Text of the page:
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Chicago, IL—Patients with asymptomatic and mildly symptomatic chemotherapy-naïve metastatic castration-resistant prostate cancer had significantly improved radiographic progression-free survival (rPFS) and showed a strong trend for increased overall survival (OS) following treatment with abiraterone acetate plus prednisone compared with prednisone alone, according to second interim analysis results of a study1 presented here at the 2012 Annual Meeting of American Society of Clinical Oncology.


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Abiraterone acetate also extended time patients had minimal or no symptoms and was safe, noted Charles J. Ryan, MD, UCSF Helen Diller Family Comprehensive Cancer Center, San Francisco, CA, on behalf of the COU-AA-302 study investigators. He pointed out there is a persistent unmet need in metastatic castration-resistant prostate cancer. Specifically, current therapies have limitations in that they are restricted to the post-chemotherapy setting; to date, an OS benefit in the chemotherapy-naïve setting has not been linked to objective response or impact on how a patient feels or functions; and chemotherapy has limited penetrance.2,3

Previous studies have shown that abiraterone acetate, an androgen biosynthesis inhibitor, improved OS in patients with metastatic castration-resistant prostate cancer who had previously progressed on docetaxel. Median survival was 14.8 months, an improvement of 3.9 months over the prednisone control arm.4

Dr. Ryan pointed out that landmarks of disease progression in metastatic castration-resistant prostate cancer occur over 24 to 48 months from a baseline diagnosis and encompass PSA progression, tumor/bone progression, chemotherapy, pain, ECOG PS decline, and death,5 and it is by having a positive effect on these landmarks that agents ideally would provide the most benefit.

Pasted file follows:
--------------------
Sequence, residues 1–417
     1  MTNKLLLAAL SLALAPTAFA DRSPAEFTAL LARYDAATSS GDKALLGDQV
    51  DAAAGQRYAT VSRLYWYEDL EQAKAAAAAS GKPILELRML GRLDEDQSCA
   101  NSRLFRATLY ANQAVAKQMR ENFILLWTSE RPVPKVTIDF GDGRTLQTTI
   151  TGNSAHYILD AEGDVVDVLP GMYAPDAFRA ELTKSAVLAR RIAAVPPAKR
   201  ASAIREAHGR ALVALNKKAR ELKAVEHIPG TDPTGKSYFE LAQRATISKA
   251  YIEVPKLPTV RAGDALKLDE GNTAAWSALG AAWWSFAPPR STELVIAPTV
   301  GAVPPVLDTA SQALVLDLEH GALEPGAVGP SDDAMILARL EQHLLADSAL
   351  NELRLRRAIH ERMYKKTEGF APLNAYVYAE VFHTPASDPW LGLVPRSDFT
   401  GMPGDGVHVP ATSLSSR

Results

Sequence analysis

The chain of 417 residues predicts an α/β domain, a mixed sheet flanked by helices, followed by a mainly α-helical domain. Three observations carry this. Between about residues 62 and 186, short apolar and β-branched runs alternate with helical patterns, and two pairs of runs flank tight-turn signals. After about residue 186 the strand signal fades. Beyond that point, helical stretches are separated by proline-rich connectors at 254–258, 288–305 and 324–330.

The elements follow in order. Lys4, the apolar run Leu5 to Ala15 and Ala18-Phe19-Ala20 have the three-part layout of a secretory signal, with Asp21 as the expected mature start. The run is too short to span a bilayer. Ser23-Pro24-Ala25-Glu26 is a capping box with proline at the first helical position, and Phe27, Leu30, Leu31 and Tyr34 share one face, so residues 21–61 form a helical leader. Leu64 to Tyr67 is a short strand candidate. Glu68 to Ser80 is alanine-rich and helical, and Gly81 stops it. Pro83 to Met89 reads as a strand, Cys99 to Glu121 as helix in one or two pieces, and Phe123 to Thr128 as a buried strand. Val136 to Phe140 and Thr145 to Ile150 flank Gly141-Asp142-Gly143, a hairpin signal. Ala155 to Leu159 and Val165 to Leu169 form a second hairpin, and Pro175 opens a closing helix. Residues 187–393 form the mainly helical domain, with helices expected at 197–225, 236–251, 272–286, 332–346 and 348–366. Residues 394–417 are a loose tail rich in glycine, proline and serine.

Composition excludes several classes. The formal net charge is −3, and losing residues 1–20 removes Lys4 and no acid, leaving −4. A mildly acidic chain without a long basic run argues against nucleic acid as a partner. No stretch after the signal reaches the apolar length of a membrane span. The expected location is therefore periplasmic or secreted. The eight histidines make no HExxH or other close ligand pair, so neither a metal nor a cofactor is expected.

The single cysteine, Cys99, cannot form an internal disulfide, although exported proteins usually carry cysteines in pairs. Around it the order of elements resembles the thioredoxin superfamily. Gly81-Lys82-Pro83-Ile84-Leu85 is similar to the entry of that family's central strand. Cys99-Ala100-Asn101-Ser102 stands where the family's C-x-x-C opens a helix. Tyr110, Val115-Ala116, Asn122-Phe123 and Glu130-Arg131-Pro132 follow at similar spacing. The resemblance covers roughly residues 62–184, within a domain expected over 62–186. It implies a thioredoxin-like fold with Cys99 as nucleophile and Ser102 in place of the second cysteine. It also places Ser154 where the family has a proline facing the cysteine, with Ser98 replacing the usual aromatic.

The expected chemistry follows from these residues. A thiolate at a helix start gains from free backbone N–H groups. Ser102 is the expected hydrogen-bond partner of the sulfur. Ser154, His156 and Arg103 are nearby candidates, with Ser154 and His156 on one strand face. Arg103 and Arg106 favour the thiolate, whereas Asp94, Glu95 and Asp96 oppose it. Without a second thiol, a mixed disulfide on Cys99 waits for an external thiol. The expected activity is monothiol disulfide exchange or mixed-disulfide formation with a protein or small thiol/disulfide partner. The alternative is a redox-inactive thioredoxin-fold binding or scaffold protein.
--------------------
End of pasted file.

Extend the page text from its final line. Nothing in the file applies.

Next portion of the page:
The investigators of the phase 3 multicenter, randomized, double-blind, placebo-controlled study conducted at 151 sites in 12 countries in the USA, Europe, Australia, and Canada compared the clinical benefit of abiraterone acetate 1,000 mg/day plus prednisone 5 mg twice daily (n=546) vs placebo + prednisone 5mg twice daily (n=542) in chemo-naive, asymptomatic/mildly symptomatic patients with metastatic castration-resistant prostate cancer. Co-primary efficacy end points for the study were rPFS by central review and OS. Secondary end points were time to opiate use for cancer-related pain, time to initiation of chemotherapy, time to ECOG PS deterioration, and time to treatment progression. Patients were stratified by ECOG PS 0 or 1.

The definition of rPFS, adapted from consensus criteria,6 was progressive disease by bone scan by blinded central radiologist review (≥2 new bone lesions plus 2 additional at confirmation <12 weeks after randomization or ≥2 new bone lesions with subsequent confirmation ≥12 weeks after randomization) ; progressive disease in soft tissue lesions by CT or MRI by modified RECIST criteria; or death from any cause.